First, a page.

|Publication number||US6164568 A|
|Application number||US 08/996,390|
|Publication date||Dec 26, 2000|
|Filing date||Dec 22, 1997|
|Priority date||Dec 23, 1996|
|Also published as||CA2225658A1, DE29622341U1, DE59712557D1, EP0850697A2, EP0850697A3, EP0850697B1, EP1358945A2, EP1358945A3, EP1358945B1, EP1358945B2|
|Publication number||08996390, 996390, US 6164568 A, US 6164568A, US-A-6164568, US6164568 A, US6164568A|
|Inventors||Manfred Muller, Andrew Grummt, Thomas Burmester, Hans-Joachim Seedorf, Gunther Burmester, Hubert Kufner, Ernst Hering, Andreas Bornkebel, Donald Lohse|
|Original Assignee||Nordson Corporation|
|Export Citation||BiBTeX, EndNote, RefMan|
|Patent Citations (16), Referenced by (19), Classifications (10), Legal Events (6)|
|External Links: USPTO, USPTO Assignment, Espacenet|
The present invention pertains to a device for applying free-flowing material to a movable substrate in particular for intermittent application of liquid adhesive, with at least one supply channel for supplying flowing material, at least one nozzle unit with at least one output channel, connected to the supply channel and ending in an output orifice for delivering material, and with a valve mechanism for interrupting the flow of material, having a movable valve body and a valve seat, where the valve body and the valve seat interact in such a way that the flow of material is interrupted by movement of the valve body to a closed position and is released by movement to an open position.
In industry a device of this type is used, for example, in order to coat the surfaces of film-type substrates with liquid adhesive, such as hot-melt glue. Often so-called intermittent application is used, meaning that intervals in which the valve body is in the open position and material is applied to the substrate alternate with intervals in which the valve body is in the closed position, so that the application of material is interrupted. Where application is intermittent, often very short intervals are used, in order to be able to realize application zones at very close intervals to each other. In some uses the flow of material needs to be interrupted up to 1000 times per minute.
The requirement for the pattern which takes shape on the substrate is that a zone where material is applied to the substrate must have sharply defined boundaries. In the case of application to an area with the help of a known slotted nozzle arrangement it is especially desired that the lateral margins--in the direction of movement of the substrate relative to the application device--, but also the leading and trailing boundaries of a zone where material is applied, be sharply delimited. Prerequisite for such sharp delimitation of the leading and trailing boundaries is that the body of the valve be moved quickly into its closed position, so that the flow of material from the output orifice is interrupted uniformly quickly. When the valve is opened, in order to achieve a sharp definition line at the leading boundary of an application zone it is necessary for the valve to open quickly.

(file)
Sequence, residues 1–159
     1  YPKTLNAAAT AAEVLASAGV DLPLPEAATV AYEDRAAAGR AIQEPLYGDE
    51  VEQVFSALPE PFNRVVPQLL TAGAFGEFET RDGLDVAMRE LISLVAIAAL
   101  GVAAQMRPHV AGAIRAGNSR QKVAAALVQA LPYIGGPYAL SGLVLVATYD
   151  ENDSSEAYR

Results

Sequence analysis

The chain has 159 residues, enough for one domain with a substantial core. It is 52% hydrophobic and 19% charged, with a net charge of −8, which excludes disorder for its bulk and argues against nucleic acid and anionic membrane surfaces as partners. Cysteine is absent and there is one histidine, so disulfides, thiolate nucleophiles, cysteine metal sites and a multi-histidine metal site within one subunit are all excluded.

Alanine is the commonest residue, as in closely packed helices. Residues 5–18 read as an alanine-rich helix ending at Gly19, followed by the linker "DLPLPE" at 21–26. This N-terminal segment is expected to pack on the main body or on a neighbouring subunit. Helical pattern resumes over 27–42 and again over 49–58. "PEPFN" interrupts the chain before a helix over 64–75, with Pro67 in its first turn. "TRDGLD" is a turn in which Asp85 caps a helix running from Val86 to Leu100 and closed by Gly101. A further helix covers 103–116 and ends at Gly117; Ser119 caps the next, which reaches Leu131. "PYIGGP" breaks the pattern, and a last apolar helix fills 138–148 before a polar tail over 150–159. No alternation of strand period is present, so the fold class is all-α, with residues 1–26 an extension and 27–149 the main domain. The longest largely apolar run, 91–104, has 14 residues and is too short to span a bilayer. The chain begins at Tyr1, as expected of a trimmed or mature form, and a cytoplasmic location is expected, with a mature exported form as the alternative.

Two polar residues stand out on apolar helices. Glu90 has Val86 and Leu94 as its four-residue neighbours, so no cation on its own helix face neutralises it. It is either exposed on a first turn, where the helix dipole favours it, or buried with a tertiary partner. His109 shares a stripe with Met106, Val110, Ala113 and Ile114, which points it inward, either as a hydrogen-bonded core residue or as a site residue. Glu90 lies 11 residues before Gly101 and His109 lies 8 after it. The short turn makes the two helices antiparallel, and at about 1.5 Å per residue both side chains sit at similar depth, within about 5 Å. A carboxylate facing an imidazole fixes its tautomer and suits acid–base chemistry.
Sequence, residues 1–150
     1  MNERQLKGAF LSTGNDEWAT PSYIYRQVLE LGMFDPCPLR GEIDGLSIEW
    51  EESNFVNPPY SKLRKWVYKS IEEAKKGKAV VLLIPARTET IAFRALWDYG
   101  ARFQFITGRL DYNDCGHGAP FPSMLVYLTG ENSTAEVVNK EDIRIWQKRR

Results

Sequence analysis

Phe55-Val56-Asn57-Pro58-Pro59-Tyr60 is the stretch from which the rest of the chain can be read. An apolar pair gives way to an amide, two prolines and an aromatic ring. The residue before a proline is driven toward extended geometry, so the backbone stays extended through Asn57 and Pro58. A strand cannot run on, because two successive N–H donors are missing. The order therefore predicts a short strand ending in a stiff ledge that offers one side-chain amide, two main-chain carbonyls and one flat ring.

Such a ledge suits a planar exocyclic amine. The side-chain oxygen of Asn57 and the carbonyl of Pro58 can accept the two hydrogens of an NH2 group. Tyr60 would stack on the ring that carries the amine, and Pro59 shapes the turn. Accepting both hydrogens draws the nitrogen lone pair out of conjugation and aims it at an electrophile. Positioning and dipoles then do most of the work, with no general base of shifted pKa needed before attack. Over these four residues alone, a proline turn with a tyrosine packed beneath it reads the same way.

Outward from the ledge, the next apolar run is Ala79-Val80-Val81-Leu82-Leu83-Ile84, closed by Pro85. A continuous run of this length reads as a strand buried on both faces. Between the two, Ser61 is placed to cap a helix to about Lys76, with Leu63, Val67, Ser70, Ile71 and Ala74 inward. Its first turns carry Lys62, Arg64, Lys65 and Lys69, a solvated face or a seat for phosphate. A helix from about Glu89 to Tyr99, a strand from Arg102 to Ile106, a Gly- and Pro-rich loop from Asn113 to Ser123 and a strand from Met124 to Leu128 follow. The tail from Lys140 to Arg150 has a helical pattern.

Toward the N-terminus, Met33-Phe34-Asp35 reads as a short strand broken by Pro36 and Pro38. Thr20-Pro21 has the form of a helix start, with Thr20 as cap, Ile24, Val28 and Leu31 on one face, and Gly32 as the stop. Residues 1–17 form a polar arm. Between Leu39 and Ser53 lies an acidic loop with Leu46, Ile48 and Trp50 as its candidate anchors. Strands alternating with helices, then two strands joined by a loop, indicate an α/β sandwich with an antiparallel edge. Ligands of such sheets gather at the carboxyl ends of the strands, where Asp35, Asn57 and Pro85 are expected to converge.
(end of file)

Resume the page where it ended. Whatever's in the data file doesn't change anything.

In the current state of technology a so-called needle valve is used; as its valve body it has a needle with a needle point which can be brought into contact with a valve seat which matches the shape of the needle point. To close the valve, the needle is moved--by an electrical-pneumatic mechanism--in the direction of the valve seat and comes into contact with the latter, so that the flow section of the supply channel is closed and the flow of material is thereby interrupted. During the closing movement of the needle point the latter is moved in the direction of flow, toward the substrate. During the closing movement of the needle point adhesive is forced downstream by the needle point in the direction of the output orifices. This has the effect that until the needle point comes into contact with the valve seat, material is forced in the direction of the output orifice. As a consequence, the application of material to the substrate is not interrupted as abruptly as would be necessary to produce a sharp line of demarcation in the end area of an application zone. "Afterdripping" from the output orifice when the valve is closed cannot be prevented.